Use your favourite apples in this tasty tart recipe.
Use your favourite apples in this tasty tart recipe.
Serve this delicious apple tart with maple whipped cream any day of the week.
1 In a large bowl, whisk together the butter, brown sugar, lemon juice, cinnamon and salt; place 1 tablespoon in a small bowl and set aside.
2 Add the apple and flour to the remaining butter mixture, tossing to coat; set aside.
3 On a large sheet of parchment paper, unroll the pastry; fold the pastry in half and roll out to a 1 5" x 6" rectangle. Lifting the parchment along with the pastry, transfer to a large rimless baking sheet.
4 Preheat the oven to 400°F.
5 Whisk the egg yolk with 1 teaspoon water; lightly brush some of the mixture over the edges of the pastry. Fold the edges over all around, pressing to adhere. Brush the remaining egg yolk mixture all over the pastry, then prick the centre all over with a fork.
6 Arrange the apples, overlapping slightly, in two rows over the centre of the pastry. Brush the apples with the reserved butter mixture.
7 Bake until the pastry is puffed and golden and the apples are tender and lightly browned, about 20 minutes.
8 Remove from the oven and sprinkle with the thyme; allow to cool slightly.
9 Meanwhile, in a medium bowl, beat the whipping cream with the maple syrup using a hand-held mixer until stiff peaks form; serve with the warm tart.
Many people believe it’s harder to sell your home in winter than summer. But there are a number of real advantages to selling during the cooler months, says Kathy Monahan, an agent with Forest Hill Real Estate Inc. in Toronto.
For one thing, removed from the sometimes frenzied action of the spring market, sellers can take a little more time to consider offers, and with fewer homes on the market, there’s less competition. And don’t worry, says Kathy: the things that lead people to make new home purchases -- a new job, a growing family, up- or downsizing -- happen all year round, and there are still plenty of buyers out there. In fact, winter is a great time for playing up your home’s cosy, family-friendly charm.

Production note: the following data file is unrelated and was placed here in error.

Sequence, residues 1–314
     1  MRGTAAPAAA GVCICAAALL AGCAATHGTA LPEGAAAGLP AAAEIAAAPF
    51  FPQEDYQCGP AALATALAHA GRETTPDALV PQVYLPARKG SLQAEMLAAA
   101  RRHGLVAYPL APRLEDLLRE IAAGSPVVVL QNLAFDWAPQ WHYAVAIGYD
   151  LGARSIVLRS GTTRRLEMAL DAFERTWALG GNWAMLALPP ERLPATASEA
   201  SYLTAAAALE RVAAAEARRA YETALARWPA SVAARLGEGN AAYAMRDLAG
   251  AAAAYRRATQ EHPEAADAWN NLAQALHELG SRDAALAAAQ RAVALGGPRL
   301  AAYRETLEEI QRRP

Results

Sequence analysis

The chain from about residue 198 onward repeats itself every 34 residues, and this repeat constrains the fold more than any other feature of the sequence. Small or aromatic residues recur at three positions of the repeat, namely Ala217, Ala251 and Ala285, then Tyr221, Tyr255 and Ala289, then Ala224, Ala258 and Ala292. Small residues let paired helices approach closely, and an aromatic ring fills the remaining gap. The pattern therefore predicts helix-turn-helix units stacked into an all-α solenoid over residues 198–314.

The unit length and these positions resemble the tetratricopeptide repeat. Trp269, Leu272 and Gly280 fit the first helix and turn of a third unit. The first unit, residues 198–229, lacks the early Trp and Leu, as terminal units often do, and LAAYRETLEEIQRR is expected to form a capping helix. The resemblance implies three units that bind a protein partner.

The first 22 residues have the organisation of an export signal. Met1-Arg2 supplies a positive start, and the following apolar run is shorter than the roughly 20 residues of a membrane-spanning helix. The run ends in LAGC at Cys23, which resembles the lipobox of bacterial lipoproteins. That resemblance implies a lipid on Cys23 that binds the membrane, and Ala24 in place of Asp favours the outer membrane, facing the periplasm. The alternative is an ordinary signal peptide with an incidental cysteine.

Start with the exterior
As with any time of year, make sure that the house looks well maintained and cared for, with eavestroughs clean and minor repairs taken care of. While you can’t paint in winter, washing paintwork and siding with warm soapy water on a mild day can make a big difference. Make sure the windows are freshly washed as well; winter light has a way of highlighting grime.
Tend to foliage
Make sure that shrubs and tree-branches bent down with snow don’t obstruct walkways or entrances; brush the snow off or prune if necessary. (It won’t hurt them.) Ensure that the walkway is shovelled and ice-free before every showing; not only is this a courtesy and crucial to making the home look well maintained, but if a visitor slips and is hurt, you could be liable for damages.
Adorn the entryway
A wreath on the front door, Christmas lights and a garland hung on the doorframe or front porch present a welcoming entry. Plant urns with festive greenery, the fuller the better: along with cedar or pine boughs, tuck in sprigs of holy, dried berries, magnolia leaves, corkscrew hazel or red osier branches, with silver ball ornaments and perhaps gold wire ribbon woven through the arrangement.